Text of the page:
It really exciting when people are dancing. We aren't really a dancey band, so I just assume that they're doing some good drugs or something. It's also weird when people sing along with my songs. The first time that happened I almost stopped singing. I was so surprised. I completely snapped out of zombie mode.
What's zombie mode?
It's how I look on stage. I watch videos of myself performing even though I hate it, and every time my eyes rolled back in my head, and I'm thrashing about, and stumbling along. I guess I just rock out like this. I look really, really stupid. I hate videos of myself. I always look like a freak. (laughs) But it's my job.
If you could change one thing about the music industry what would it be?
I don't like all of the negativity and the competition. It's funny how many people listen to music, and pose everything in competition between bands. They'll say things like that band is kicking that band's ass. Or one band is better than the other. I don't know if it's an American sentiment or human sentiment. But if you talk to the bands themselves it's such a happy, collaborative type thing. We all love one another and are really supportive. I think everyone wants everyone to succeed. Pitting bands against each other is so shortsighted. I think everyone should be supportive of people who are trying to make art. That deserves respect.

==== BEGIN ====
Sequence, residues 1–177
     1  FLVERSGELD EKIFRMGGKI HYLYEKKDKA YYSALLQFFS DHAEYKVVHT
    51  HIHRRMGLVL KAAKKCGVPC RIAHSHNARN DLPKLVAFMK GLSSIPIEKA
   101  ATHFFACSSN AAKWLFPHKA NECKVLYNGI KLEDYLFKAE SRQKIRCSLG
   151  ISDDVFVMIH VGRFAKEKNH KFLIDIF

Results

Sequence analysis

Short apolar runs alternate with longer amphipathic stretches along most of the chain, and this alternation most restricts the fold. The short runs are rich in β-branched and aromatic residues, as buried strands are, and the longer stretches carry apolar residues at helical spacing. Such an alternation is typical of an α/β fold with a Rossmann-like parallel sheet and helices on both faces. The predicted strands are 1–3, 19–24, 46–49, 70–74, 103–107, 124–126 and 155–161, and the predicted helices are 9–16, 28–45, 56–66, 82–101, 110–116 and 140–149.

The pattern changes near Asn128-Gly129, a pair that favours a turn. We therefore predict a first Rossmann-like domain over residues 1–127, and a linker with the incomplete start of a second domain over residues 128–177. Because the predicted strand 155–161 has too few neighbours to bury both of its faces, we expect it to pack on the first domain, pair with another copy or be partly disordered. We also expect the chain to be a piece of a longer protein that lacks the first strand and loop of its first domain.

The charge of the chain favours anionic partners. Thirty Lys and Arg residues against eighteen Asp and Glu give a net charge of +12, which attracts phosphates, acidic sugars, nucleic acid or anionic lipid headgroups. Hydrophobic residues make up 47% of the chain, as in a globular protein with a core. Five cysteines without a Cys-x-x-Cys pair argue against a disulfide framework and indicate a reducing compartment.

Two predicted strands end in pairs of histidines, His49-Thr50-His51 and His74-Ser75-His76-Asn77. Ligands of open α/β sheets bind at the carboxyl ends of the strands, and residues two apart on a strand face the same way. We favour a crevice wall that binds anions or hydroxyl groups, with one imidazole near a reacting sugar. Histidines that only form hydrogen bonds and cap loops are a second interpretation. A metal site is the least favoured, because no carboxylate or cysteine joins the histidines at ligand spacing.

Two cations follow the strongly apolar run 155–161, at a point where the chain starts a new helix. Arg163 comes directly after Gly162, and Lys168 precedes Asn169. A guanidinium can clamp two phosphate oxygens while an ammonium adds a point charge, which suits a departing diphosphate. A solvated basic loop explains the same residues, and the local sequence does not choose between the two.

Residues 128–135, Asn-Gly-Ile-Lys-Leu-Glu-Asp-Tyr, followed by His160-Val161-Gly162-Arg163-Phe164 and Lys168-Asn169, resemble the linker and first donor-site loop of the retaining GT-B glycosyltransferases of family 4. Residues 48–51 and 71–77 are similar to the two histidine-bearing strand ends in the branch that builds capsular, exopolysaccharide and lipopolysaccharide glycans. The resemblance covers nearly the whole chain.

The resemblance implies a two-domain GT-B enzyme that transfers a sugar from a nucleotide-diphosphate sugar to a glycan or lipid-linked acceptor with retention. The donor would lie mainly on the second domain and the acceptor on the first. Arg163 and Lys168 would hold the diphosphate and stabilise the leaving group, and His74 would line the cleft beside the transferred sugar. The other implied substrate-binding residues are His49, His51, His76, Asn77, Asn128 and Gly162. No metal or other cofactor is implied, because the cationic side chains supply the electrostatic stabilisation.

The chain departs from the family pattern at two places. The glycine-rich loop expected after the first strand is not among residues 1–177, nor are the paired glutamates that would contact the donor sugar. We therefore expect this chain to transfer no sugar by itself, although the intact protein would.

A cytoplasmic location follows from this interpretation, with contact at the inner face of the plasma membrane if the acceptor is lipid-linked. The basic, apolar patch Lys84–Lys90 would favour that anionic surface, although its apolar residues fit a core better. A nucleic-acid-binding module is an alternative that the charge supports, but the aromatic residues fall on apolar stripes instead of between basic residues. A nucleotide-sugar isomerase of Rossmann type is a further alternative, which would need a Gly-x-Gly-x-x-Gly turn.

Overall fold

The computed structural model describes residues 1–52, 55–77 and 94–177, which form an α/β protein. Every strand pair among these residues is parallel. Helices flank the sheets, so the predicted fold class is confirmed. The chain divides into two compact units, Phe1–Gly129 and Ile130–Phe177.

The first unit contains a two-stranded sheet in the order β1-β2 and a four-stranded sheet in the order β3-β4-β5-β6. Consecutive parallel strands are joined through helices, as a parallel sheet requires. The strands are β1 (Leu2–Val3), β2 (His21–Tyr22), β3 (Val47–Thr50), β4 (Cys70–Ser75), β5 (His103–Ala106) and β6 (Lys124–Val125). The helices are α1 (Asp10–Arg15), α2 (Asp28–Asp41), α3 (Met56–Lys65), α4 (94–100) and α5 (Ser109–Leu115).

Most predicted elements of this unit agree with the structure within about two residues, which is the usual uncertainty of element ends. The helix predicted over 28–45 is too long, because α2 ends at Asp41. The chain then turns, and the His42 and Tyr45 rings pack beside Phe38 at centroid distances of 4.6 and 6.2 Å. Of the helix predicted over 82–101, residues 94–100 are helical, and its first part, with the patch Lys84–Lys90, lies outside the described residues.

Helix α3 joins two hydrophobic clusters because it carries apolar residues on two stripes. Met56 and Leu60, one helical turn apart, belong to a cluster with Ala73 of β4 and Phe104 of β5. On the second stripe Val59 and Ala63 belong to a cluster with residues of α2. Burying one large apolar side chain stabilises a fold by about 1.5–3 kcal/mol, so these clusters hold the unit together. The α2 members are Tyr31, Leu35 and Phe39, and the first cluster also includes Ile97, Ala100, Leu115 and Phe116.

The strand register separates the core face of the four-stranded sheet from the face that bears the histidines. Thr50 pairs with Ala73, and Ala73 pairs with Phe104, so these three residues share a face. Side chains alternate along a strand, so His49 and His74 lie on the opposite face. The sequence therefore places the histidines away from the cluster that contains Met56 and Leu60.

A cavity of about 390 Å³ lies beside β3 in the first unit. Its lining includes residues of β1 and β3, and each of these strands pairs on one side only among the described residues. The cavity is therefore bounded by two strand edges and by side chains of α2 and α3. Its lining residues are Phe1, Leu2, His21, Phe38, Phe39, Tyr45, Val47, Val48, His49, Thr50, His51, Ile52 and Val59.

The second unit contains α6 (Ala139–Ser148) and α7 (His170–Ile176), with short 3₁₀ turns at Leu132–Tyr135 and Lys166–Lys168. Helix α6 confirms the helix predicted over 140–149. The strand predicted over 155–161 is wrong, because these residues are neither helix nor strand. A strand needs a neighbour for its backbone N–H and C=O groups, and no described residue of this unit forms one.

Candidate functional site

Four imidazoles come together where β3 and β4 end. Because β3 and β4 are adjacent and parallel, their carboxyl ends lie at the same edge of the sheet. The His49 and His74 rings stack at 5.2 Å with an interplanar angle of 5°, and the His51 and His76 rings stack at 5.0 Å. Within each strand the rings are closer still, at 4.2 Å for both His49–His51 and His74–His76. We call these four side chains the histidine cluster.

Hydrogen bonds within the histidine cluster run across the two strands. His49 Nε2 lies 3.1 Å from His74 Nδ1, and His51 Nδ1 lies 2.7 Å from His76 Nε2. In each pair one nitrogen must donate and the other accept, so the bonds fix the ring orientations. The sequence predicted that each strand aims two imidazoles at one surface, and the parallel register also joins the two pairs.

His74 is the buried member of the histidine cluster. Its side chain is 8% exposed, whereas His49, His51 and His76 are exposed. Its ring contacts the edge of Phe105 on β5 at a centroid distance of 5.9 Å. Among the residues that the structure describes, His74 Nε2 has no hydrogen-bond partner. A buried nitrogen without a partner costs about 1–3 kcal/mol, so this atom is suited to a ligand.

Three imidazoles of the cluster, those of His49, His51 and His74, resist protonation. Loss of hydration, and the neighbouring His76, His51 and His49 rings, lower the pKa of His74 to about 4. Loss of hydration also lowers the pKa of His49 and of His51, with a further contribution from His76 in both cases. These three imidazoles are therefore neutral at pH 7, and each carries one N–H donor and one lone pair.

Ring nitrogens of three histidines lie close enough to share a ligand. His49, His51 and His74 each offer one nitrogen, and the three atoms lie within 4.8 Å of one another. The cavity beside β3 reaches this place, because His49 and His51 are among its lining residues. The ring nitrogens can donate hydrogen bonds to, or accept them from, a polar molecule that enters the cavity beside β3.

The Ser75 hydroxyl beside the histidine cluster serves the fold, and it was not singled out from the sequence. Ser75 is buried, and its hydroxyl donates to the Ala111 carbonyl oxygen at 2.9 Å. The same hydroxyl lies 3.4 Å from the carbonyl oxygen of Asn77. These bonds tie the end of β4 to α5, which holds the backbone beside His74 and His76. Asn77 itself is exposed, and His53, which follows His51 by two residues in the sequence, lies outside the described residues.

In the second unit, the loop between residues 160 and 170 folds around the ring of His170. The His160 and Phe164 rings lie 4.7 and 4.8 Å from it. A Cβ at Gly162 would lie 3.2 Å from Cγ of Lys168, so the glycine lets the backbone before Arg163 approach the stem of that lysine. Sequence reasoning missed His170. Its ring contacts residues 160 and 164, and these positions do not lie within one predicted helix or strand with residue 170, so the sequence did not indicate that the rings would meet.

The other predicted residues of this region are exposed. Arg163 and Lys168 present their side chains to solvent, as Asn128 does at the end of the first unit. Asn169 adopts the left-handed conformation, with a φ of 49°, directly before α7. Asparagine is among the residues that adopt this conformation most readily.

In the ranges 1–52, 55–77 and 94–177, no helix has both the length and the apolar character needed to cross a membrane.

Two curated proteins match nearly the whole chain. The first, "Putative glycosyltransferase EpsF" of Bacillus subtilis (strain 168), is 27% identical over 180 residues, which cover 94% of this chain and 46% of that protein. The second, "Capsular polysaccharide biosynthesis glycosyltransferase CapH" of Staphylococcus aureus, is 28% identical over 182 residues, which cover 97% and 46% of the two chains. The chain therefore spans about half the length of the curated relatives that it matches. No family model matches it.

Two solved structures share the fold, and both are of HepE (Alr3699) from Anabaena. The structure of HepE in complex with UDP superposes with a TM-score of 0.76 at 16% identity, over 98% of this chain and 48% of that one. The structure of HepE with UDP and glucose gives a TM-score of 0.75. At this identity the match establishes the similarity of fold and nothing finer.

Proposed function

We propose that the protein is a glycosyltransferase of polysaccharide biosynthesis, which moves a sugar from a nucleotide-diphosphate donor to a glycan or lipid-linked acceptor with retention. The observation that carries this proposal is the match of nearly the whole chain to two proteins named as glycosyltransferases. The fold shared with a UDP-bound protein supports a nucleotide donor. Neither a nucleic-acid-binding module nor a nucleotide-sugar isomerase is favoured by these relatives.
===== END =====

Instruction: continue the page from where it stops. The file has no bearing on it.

Wye Oak - Tattoo
Who's local band?
Well there big ones like Ponytail and Celebration and fishtail. under the radar local band I should really ponder this I really love Arboretum. They're favorite right now. It's fucking phenomenal.
If you could sing with anyone in the world who would it be?
Patsy Cline. She's one of my favorite singers of all time.
What would you sing?
I'd sing something of hers. Maybe "I Fall To Pieces." I love her voice. Her voice is stunning. I tried to model my voice after hers and failed miserably. She's the shit.
If you were stuck on a deserted island and you could bring three worldly possessions what would they be?
My guitar. I know it's cliche but I love it. I would go crazy without it. And I'm not going to lie, I'll probably bring some weed, why not? Let's be honest if it actually happened I would probably just kill myself. But in fantasyland I'll bring one friend and a whole lot of drugs. Enough of those drugs to put me out of my misery.
Sounds like a plan. Well, thank you for talking with us.
Curious about Blitzen Trapper? Check out their LAist Interview.